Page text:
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This is a reminder about the upcoming annual compliance deadlines that may or may not apply to you.
Please click HERE to open a summary chart of the filing deadlines.
Please feel free to contact us if you have questions or need assistance with any of these filings.
Pillsbury IFIM Group
In a press release issued by the Securities and Exchange Commission on December 20, 2018, the SEC’s Office of Compliance Inspections and Examinations (OCIE) announced its 2019 Examination Priorities.
This year’s examination priorities, although not exhaustive, are divided into 6 categories:
- Compliance and risk at registrants responsible for critical market infrastructure;
- Matters of importance to retail investors, including seniors and those saving for retirement;
- FINRA and MSRB;
- Digital assets;
- Cybersecurity; and
- Anti-money laundering programs.
Read the OCIE 2019 Examination Priorities in full HERE.
This alert contains a summary of the primary annual and periodic compliance-related obligations that may apply to investment advisers registered with the Securities and Exchange Commission (the “SEC”) or with a particular state (“Investment Advisers”), and commodity pool operators (“CPOs”) and commodity trading advisors (“CTAs”) registered with the Commodity Futures Trading Commission (the “CFTC”) (collectively with Investment Advisers, “Managers”). Due to the length of this Alert, we have linked the topics to the Table of Contents and other subtitles for easy click-access.
This summary consists of the following segments: (i) List of Annual Compliance Deadlines; (ii) New Developments; (iii) 2018 National Exam Program Examination Priorities; (iv) Continuing Compliance Areas; and (v) Securities and Other Forms Filings.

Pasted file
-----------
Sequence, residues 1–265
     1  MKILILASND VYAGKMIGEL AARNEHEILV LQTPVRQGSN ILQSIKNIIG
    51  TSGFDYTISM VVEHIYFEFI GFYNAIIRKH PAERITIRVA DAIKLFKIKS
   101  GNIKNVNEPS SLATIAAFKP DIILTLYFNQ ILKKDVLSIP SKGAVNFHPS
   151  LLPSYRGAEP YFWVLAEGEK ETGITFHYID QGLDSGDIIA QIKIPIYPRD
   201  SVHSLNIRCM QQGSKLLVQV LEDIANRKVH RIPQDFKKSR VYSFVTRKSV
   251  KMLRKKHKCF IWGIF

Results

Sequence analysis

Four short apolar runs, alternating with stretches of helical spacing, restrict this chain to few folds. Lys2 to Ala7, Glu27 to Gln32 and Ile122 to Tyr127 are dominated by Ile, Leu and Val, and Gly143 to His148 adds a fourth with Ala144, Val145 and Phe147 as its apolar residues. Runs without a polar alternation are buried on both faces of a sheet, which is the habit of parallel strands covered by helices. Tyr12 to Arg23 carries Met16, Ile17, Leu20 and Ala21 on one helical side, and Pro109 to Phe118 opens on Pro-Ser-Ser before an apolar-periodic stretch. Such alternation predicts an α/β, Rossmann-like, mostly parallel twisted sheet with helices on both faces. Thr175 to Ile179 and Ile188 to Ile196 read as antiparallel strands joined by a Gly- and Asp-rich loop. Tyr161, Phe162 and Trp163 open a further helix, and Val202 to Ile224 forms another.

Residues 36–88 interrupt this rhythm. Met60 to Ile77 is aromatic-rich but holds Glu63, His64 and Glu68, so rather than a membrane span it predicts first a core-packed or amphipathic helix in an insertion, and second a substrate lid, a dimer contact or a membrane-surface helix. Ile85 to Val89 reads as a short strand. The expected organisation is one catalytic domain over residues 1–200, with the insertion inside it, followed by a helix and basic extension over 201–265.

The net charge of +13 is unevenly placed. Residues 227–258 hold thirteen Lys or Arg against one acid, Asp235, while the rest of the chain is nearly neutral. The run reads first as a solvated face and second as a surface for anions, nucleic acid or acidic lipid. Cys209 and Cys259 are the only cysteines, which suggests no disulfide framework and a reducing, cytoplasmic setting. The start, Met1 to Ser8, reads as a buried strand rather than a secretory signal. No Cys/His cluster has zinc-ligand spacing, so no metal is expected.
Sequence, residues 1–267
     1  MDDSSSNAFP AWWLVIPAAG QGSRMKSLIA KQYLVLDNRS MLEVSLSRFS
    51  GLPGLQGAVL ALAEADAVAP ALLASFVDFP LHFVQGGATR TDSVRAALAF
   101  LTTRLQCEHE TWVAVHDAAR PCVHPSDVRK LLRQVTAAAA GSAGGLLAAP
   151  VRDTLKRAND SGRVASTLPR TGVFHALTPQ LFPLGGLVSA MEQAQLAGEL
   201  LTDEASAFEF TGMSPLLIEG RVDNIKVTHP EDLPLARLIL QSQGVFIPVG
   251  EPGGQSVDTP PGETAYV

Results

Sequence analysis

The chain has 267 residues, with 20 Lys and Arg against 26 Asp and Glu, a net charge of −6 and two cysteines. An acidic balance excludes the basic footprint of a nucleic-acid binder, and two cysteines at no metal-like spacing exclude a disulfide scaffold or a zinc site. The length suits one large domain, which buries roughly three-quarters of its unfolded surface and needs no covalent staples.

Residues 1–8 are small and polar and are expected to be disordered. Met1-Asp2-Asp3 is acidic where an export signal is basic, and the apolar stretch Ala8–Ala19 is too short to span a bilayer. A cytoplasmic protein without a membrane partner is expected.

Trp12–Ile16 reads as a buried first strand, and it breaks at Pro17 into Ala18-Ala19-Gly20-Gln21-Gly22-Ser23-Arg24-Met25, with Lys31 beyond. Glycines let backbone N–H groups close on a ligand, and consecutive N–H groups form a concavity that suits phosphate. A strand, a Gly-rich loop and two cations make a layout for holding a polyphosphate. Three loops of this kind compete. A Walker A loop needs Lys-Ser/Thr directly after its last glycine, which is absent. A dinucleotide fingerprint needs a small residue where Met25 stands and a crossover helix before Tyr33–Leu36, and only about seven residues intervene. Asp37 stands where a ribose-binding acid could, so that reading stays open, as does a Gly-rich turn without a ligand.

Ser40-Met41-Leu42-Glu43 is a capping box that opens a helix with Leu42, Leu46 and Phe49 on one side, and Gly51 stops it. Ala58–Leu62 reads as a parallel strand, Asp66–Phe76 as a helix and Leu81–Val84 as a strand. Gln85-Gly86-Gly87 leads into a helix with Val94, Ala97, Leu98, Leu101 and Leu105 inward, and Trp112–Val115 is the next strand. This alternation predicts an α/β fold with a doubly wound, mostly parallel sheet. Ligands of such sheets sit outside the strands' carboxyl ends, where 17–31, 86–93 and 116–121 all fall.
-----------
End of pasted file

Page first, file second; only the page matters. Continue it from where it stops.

Read this article and additional Pillsbury publications at Pillsbury Insights.
The Office of Compliance Inspections and Examinations (OCIE) of the SEC issued a Risk Alert yesterday providing a list of the most frequently identified compliance issues relating to the Advertising Rule (Rule 206(4)-1) under the Investment Advisers Act of 1940. These compliance issues were identified as part of the OCIE examination of investment advisers: misleading performance results, misleading one-on-one presentations, misleading claim of compliance with voluntary performance standards, “cherry-picked” profitable stock selections, misleading selection of recommendations and insufficient/inaccurate compliance policies and procedures.
Compliance with the Advertising Rule has long been, and remains, a favorite focus of the SEC. In an age of fundraising challenges, investment advisers must balance the pressing need of appealing to prospective clients with adherence to precise regulatory standards. Each marketing piece should go through rigorous internal review and sign-off procedures and, as necessary, outside counsel evaluation. Investment advisers are urged to pay special attention to any form of performance or track record marketing.